This is a guest post by Dr. Caitlin McDonald, author of ‘Global Moves:Belly Dance as an Extra/Ordinary Space to Explore Social Paradigms in Egypt and Around the World’. Caitlin blogs at http://www.caitlinmcdonald.com/ and can be found on twitter @caitiewrites
One of the glimpses of revels in Edward II at the National Theatre caught my imagination: the pianist is blindfolded.
Sam Cable provides onstage music throughout the production, sometimes visible and sometimes concealed. In one scene the king (John Heffernan), seduced by flatterers, allows his new sycophant Spencer (Nathaniel Martello-White) to arrange an orgiastic revel for him in the inner sanctum designed by Lizzie Clachan. A box upstage behind the throne is closed off to the audience, visible through a few tantalising windows but mainly through video feeds projected either side of the stage. The revels are something we see in flashes through quickly moving cameras, now covered, now flashing with blurred images of moving bodies.
In the midst of this exposure to flesh and desire, of the fleshly desires of royalty, the pianist is blindfolded.
It could just be part of the game: a sexy blindfold raucously placed there to see if he can still play when faced with distractions that he cannot see. Or it could be that the hired help isn’t meant to see the excesses of his betters.
It calls to mind a passage from Flaubert in Egypt: A Sensibility on Tour in which he describes cajoling the dancer Kuchuk Hanem to dance the Bee for him, which she initially refuses to do. Eventually she complies, on the condition that certain people be sent out of the room and that as far as the musicians are concerned “a black veil is tied around the eyes of the child, and a fold of his blue turban is lowered over that of the old man.” She then proceeds to dance: “Kuchuk shed her clothing as she danced. Finally she was naked except for a fichu which she held in her hands and behind which she pretends to hide, and at the end she threw down the fichu. That was the Bee. She danced it very briefly and said she does not like to dance that dance.” Later she dresses and “The musicians were unblindfolded” (117).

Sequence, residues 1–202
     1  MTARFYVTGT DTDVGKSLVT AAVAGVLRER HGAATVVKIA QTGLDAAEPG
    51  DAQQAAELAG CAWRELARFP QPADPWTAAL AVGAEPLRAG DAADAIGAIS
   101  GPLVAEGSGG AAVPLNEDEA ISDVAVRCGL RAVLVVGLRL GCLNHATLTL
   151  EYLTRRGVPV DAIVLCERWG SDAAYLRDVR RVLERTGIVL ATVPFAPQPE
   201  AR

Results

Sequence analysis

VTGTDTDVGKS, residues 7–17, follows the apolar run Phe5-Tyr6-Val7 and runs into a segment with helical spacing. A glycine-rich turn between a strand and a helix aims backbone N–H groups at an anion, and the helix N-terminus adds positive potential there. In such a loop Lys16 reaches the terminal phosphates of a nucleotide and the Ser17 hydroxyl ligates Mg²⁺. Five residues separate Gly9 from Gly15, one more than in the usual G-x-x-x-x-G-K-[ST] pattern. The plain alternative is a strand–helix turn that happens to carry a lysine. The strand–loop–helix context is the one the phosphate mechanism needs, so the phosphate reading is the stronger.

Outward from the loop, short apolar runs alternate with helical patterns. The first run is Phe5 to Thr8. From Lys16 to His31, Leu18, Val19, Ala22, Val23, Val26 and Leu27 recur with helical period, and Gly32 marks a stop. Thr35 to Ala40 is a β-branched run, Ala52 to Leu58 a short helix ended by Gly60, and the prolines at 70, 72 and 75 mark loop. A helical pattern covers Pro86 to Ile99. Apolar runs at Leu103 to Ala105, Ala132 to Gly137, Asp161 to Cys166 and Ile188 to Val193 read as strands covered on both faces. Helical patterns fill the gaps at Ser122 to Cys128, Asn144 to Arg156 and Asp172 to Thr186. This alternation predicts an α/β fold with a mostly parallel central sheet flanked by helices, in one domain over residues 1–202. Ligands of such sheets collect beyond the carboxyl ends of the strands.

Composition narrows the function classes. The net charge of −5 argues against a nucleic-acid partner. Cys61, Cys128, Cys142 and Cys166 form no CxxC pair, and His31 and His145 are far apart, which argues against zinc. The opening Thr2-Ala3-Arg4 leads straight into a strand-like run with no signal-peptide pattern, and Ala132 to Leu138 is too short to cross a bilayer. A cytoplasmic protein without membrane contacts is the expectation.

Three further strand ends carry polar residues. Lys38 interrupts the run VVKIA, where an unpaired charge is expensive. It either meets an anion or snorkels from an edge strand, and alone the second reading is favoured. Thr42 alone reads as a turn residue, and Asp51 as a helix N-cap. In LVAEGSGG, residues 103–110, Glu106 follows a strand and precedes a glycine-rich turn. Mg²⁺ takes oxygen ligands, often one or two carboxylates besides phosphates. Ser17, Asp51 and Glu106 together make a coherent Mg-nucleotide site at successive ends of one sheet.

Now, there is a lot of unpacking to do here: how accurate are Flaubert’s recollections and descriptions? Who is he trying to impress and what has he exaggerated? How precise are his translations of her, how deep is his understanding of her and what she says? And equally why doesn’t she like to dance that dance? Is that the truth, or is it something she says to create a heightened sense of its significance? Are her words and her insistence on binding the eyes of the musicians part of the performance?
It might all be a lie. But it is still raises interesting questions about who is allowed to see what, and what that means about status and power–perhaps in surprising ways. One possibility is that her setting apart of this dance–this dance she does not like to perform–is a shrewd ploy to use the sensibilities of Flaubert and his companions, their desire for authenticity, in order to put herself in a position of being able to demand more of them. Binding the musician’s eyes may be part of this performance. Or it may be a need to retain the respect of those she will see again, to maintain modesty in front of people who are a part of her daily life. By contrast the foreign men are such transitory visitors, such alien creatures, that their opinion of her modesty is worth nothing.
Edward II and his companions are not dancing girls, of course. They are much more like the lascivious Flaubert, able to buy any pleasures they choose and damn the consequences for those who must submit to them. But the musician is still blindfolded.